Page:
was Walt Whitman “politically corrected”?


As noted in a recent New York Times article

“In a Walt Whitman Novel, Lost for 165 Years, Clues to ‘Leaves of Grass

By Jennifer Schuessler

The New York Times, February 20, 2017


Zachary Turpin, a graduate student at the University of Houston, has recently discovered — which is to say found and published — the manuscript of a “lost” Walt Whitman novel.

The novel, Life and Adventures of Jack Engle, was published anonymously by Whitman as a serial in a newspaper, The New York Atlas, in 1858. The novel has been published online by The Walt Whitman Quarterly Review and in book form by the University of Iowa Press. I have read it already. It’s a good read.

While I was reading the novel and subsequently, I had the following exchange of emails with Mr. Turpin, whom I have had the good fortune to since meet.

See emails below.


— Roger W. Smith

    June 2017



Roger Smith to Zachary Turpin

March 13, 2017

Dear Mr. Turpin,

I am currently reading “Life and Adventures of Jack Engle.” What a find!

A real reading pleasure for a Whitman lover such as myself.

On the third line of page 53, I noted the words, in quoted dialogue: ‘the world to some’

Shouldn’t it be the world to come?


Zachary Turpin to Roger Smith

March 13, 2017

Roger — Many thanks for your email! It should indeed be “the world to come”—good eye.

Call it a coincidence, but a friend and fellow Whitmanian just emailed me to say the same thing, shortly after you. Great minds. Anyway, I’ll forward this along to the University of Iowa Press, since I know they’ll want to hear about it.

Thank you for your kind message.


Roger Smith to Zachary Turpin

May 30, 2017

Dear Zack,

Hello. I consider it my good fortune to have met you briefly at the American Literature Association conference on Thursday.

I am still wondering about a couple of words on page 95 of “Jack Engle”: “… the reader must supply it from his or her imagination.”

It’s bothering me — perhaps it shouldn’t. But, I keep wondering, is that what Whitman really wrote? Seems very uncommon for a nineteenth century writer, even one such as Whitman who could be considered to have been ahead of his time on many (but not all) issues, to have used “him or her.” But, then it’s entirely possible that he did. Or, did a zealous copyeditor change “his” to “his or her”?


Zachary Turpin to Roger Smith

May 30, 2017


Yep, I hear you, it seems uncommon—but then Whitman was anything but common for his era. His egalitarianism extended to men and women right from the very first edition of Leaves of Grass (1855):

To pass among them . . to touch any one . . .. to rest my arm ever so lightly round his or her neck for a moment … what is this then?

And again:

Each has his or her place in the procession.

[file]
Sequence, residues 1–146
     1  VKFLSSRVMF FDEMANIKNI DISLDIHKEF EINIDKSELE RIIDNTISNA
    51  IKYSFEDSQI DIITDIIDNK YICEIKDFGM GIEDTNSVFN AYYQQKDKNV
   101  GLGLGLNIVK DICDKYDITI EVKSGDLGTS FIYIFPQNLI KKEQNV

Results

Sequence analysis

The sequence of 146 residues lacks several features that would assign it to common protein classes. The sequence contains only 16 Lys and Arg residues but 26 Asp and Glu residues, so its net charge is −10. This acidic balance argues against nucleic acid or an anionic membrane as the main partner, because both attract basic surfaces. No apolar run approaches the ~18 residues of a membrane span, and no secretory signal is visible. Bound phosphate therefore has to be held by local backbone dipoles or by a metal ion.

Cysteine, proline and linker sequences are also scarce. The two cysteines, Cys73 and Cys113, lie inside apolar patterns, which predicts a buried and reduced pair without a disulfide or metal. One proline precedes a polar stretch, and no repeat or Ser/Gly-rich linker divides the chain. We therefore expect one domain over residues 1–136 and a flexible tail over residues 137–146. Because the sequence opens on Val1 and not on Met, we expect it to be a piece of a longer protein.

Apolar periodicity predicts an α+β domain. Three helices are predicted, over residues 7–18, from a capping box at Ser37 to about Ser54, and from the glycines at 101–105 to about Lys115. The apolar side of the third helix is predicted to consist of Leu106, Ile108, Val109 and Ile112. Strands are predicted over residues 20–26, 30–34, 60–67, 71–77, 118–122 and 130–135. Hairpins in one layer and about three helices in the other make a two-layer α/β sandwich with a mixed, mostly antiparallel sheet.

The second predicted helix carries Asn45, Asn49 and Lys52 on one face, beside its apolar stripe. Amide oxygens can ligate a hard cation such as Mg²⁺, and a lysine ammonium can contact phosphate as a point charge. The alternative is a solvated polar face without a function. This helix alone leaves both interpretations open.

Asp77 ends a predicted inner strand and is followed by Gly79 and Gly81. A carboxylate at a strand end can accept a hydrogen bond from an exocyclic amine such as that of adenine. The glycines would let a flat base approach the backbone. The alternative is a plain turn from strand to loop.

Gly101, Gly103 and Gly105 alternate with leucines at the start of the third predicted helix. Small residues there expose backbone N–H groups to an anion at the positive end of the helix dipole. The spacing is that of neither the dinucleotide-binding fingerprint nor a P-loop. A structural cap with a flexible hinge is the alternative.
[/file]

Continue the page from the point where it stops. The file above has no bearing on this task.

Three more instances appear in the 1856 edition:

Each of us limitless—each of us with his or her right upon the earth,…..

They bring none to his or her terminus, or to be content and full,….

Of authors and editors I do not know how many there are in The States, but there are thousands, each one building his or her step to the stairs by which giants shall mount.

And so on. There are many others. 1881:

Who holds duly his or her triune proportion of realism, spiritualism, and of the aesthetic or intellectual,….

Or in 1892, in “A Backward Glance O’er Travel’d Roads”:

The reader will always have his or her part to do, just as much as I have had mine.

And that’s just in his poetry! His journalism, reminiscences, interviews, and fiction contain more.

So, I think one of two things may be at issue here. Either (1) this construction came about earlier than it may seem to have, or (2) when it comes to even the smallest gender-equality issues, like pronouns, Whitman was still more conscientious and forward-thinking than his contemporaries. Or both, of course!

In any case, I bet you could write a very interesting piece on the “his or her” construction in 19th-century American writings, especially in its relation to democratic poetics.


Roger Smith to Zachary Turpin

May 30, 2017



You’ve convinced me.



Roger Smith to Zachary Turpin

June 3, 2017


I told you I would get back to you again.

I am finally getting around to it.

I want to thank you again for you reply, which was very informative and so thorough. Much appreciated.

I now see that Whitman was way ahead of his time when it came to “gender inclusive” grammatical constructions. A very cumbersome way to put it. Sorry.

I guess I should have known better when it comes to the poet who wrote:

Think of womanhood, and you to be a woman;
The creation is womanhood;
Have I not said that womanhood involves all?
Have I not told how the universe has nothing better
than the best womanhood?

I guess what one might say that, for someone completely original and also possessing intuitive genius, as was true of Whitman, grammatical norms don’t necessarily account for that much. He was capable of inventing his own “grammar” when it suited him.


'Life and Adventures of Jack Engle' - cover.jpg

Leave a Reply